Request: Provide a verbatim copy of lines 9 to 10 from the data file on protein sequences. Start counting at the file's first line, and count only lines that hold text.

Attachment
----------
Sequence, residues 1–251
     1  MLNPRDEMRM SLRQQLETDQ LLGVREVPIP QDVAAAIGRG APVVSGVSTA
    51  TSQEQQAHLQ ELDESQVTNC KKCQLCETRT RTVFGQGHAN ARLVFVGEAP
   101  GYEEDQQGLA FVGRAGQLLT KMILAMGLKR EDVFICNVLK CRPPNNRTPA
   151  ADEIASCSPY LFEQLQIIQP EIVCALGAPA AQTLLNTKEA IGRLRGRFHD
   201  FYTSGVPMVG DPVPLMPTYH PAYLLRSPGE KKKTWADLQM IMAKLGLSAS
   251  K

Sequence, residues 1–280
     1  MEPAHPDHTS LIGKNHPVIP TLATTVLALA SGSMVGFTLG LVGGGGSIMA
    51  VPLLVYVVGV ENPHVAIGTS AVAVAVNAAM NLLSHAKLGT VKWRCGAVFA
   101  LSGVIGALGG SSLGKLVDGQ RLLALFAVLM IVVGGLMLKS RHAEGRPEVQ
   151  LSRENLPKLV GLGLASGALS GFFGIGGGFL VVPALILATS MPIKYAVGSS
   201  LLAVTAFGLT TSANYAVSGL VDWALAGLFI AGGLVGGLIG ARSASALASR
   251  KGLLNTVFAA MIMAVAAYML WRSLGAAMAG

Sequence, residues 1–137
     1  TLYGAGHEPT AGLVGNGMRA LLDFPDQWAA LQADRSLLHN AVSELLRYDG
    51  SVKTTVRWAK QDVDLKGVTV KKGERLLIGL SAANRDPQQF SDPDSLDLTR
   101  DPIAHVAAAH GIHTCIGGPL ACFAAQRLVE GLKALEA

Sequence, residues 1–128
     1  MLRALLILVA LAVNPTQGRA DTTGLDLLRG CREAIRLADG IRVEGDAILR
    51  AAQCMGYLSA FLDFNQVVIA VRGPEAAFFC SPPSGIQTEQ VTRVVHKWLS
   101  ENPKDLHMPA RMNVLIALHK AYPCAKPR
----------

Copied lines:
     1  MEPAHPDHTS LIGKNHPVIP TLATTVLALA SGSMVGFTLG LVGGGGSIMA
    51  VPLLVYVVGV ENPHVAIGTS AVAVAVNAAM NLLSHAKLGT VKWRCGAVFA